Banner, late 18th century

3 November 2011

Dimensions: scene: 45 x 45 cm., the whole banner: 80 x 80 cm.

The scene on this banner consists of a double-headed eagle with its wings raised and the imperial crown between its two heads. Each of two hands, below its wings, holds a sword. It tail has been formed by a decorative complex of anthemia. The symbols which flank the eagle – flags, spoils taken from the defeated enemy (chiefly left and right in the first row, with the half moon), cannons, lances, Ottoman military drums and cannonballs – stress the triumphal, victorious character of the eagle and of the whole scene. The enclosed crown indicates its imperial origin – the imperial crown was depicted in this way at least from the time of Charles V. The raised wings are also Western: in the East they are shown pointing downwards43.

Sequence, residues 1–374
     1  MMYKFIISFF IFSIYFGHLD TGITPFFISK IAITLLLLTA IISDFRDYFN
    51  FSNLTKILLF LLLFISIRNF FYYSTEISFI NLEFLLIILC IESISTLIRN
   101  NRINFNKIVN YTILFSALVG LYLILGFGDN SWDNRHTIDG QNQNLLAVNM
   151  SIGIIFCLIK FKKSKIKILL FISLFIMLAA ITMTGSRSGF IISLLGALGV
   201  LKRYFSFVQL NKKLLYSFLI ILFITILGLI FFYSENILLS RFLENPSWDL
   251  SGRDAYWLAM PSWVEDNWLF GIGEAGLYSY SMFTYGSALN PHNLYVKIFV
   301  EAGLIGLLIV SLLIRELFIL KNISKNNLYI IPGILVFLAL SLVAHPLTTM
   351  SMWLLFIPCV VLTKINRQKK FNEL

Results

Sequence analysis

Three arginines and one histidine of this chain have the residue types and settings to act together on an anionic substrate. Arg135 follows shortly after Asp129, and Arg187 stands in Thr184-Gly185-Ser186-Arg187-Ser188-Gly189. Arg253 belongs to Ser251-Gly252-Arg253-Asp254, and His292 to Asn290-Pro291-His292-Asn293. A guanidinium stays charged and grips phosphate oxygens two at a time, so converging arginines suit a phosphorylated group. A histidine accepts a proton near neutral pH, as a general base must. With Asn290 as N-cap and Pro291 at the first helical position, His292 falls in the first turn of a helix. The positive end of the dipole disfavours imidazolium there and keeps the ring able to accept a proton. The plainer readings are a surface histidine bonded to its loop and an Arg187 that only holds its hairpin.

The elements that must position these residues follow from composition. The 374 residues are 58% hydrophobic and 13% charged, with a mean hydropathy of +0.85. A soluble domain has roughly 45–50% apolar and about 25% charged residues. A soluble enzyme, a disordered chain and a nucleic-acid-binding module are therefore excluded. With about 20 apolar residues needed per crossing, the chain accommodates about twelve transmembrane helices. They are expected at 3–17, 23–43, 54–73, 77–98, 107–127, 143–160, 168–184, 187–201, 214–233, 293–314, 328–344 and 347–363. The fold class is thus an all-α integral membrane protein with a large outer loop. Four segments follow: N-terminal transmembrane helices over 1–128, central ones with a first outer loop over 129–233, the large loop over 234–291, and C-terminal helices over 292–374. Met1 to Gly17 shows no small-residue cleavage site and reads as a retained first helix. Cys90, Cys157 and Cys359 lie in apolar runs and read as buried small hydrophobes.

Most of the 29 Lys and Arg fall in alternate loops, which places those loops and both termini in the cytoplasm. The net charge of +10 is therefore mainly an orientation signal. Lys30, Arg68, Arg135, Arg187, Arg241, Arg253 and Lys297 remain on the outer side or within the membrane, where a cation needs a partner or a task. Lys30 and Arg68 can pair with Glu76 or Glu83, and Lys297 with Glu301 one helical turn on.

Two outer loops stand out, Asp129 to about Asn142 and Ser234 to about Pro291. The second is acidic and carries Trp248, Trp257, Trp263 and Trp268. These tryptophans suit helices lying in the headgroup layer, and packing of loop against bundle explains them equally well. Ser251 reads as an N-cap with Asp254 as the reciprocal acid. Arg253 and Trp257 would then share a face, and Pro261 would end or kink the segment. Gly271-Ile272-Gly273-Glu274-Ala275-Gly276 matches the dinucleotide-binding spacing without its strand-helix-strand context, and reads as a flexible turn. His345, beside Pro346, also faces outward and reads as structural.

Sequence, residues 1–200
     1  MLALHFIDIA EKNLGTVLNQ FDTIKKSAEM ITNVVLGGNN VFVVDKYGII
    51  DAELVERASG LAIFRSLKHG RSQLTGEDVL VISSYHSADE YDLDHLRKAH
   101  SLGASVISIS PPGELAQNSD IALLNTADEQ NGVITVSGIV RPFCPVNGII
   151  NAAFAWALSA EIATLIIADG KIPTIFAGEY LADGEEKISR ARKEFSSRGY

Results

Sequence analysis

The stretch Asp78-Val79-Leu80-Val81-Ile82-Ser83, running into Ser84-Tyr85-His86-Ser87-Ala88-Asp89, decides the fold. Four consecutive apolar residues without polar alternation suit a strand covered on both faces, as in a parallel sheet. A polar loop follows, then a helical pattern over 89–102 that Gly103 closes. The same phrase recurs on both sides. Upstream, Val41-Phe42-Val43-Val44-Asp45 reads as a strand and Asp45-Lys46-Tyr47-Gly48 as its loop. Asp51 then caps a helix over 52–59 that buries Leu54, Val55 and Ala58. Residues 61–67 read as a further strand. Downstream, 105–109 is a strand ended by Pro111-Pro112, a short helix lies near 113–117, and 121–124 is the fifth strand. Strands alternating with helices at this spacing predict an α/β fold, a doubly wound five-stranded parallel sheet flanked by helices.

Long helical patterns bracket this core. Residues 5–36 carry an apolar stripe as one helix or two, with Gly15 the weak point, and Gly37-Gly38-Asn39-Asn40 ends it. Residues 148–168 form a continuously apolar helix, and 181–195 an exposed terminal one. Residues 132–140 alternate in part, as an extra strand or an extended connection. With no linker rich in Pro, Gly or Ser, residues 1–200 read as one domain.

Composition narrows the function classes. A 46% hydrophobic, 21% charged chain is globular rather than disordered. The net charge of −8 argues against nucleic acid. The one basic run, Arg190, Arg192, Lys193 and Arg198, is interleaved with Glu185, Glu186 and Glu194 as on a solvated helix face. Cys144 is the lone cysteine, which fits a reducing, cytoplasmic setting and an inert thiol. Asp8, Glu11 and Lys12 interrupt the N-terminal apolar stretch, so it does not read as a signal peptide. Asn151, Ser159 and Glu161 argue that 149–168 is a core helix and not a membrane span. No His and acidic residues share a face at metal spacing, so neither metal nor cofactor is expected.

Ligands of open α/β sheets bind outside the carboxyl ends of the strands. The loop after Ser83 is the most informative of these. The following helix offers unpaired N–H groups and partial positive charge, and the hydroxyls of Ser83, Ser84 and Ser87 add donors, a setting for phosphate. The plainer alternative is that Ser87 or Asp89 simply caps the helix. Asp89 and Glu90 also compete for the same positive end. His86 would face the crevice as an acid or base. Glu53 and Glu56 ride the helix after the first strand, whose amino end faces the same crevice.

We would date this banner to the time of Catherine of Russia, and more specifically to the years between 1768 and 1774 or 1787 and 1791, periods in which Catherine was waging war victoriously against the Turks, from whom she wrested the northern Black Sea provinces, and thus improved the lot of the Christians in Turkey. The banner is edged on all four sides with a broad border decorated with a spiral tendril in blossom, embroidered in gold thread. It has a tassle at all four corners. This is a national, rather than an ecclesiastical banner, but we know that church leaders associated with the Monastery have at many periods played important roles in the Greek nation’s struggles to achieve its aspirations.